I knew from watching the weather that the forecasts were for overcast and rough conditions for at least two weeks forward and our chances of getting the doctors scheduled and compliant on the first pass was tiny. Thinking through the project, I realized we could shoot everything separately and then composite the final images together in PhotoShop.
I showed the clients some recent samples of composited portraits, with exterior backgrounds; they loved the examples, and the idea that they could schedule their doctors without a concern for all the logistics of getting them to remote locations at very specific times. And then desperately hoping the elements would cooperate. They also loved the idea that the doctors' time commitments could be made much shorter. And the chances of success would be made much higher.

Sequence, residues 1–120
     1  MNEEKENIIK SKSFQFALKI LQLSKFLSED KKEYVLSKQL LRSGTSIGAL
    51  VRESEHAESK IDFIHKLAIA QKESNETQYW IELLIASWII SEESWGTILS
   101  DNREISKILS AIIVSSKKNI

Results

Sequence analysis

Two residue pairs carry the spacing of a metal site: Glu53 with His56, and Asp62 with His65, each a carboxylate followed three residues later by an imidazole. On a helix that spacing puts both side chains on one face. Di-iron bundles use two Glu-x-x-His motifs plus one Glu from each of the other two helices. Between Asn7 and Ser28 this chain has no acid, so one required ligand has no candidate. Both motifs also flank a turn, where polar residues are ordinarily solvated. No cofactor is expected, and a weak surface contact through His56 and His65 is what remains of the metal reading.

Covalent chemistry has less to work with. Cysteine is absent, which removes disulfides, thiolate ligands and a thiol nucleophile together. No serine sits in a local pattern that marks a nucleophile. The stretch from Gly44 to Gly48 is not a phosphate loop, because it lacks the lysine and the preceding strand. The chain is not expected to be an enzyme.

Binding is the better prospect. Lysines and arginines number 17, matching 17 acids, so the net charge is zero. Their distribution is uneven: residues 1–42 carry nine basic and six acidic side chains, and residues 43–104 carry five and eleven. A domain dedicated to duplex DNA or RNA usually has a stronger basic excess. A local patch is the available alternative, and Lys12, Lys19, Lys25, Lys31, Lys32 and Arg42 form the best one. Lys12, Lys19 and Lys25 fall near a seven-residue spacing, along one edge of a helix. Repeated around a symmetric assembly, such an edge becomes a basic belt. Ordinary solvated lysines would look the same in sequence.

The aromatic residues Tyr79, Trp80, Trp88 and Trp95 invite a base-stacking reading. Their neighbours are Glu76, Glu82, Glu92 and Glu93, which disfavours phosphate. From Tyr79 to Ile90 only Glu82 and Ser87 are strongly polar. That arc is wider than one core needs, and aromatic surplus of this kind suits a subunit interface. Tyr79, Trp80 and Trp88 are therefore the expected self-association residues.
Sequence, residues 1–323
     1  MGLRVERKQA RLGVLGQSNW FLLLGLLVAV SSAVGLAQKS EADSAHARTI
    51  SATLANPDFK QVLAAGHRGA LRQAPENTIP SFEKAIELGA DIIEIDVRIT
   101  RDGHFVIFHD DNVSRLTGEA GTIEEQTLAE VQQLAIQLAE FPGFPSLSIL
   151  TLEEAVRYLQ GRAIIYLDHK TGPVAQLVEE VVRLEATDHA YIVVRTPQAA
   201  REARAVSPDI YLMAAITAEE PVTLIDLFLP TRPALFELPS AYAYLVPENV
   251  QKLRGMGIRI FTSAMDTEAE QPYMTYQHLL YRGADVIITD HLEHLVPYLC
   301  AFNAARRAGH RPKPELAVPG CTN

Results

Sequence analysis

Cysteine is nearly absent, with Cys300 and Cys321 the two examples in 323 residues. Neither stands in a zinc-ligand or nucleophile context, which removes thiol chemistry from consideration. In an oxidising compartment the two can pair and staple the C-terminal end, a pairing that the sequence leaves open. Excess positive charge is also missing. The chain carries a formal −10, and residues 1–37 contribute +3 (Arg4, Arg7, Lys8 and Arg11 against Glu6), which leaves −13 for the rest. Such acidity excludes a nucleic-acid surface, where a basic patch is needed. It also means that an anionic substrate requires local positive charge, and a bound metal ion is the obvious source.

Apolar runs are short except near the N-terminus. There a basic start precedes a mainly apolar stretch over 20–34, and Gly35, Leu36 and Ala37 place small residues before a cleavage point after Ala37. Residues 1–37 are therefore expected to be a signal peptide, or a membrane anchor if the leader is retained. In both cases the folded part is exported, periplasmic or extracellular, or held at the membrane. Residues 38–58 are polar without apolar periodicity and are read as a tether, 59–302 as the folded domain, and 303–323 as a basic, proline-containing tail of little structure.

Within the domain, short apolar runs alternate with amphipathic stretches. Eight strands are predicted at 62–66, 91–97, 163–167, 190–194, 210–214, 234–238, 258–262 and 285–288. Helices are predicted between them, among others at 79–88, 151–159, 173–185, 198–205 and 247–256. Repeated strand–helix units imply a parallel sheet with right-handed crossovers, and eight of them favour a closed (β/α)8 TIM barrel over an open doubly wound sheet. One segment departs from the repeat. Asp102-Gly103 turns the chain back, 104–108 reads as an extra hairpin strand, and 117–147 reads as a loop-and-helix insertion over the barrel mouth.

After a brief conversation with the client's art director I loaded the Subaru and headed out immediately to scout and to shoot.
On the day we had our preliminary conversation I got all the images I would ever need, in bright sun, of the bridge to the north of town. I shot with the S1R so I could pull out all the dynamic range possible. The images look great. On the same day I scouted the second bridge and shot some images but I quickly realized that I'd arrived in mid-afternoon and the bridge was going to look it's best around 9 or 10 in the morning.
The next day was rainy and wet and the forecast indicated we'd sunk into a pattern. Just to be on the safe side I packed in the S1R and a zoom lens along with my swim gear each morning thereafter. If I got through swim workout and the sun peeked out I wanted to be ready to go straight to my pre-scouted position and shoot as quickly as possible.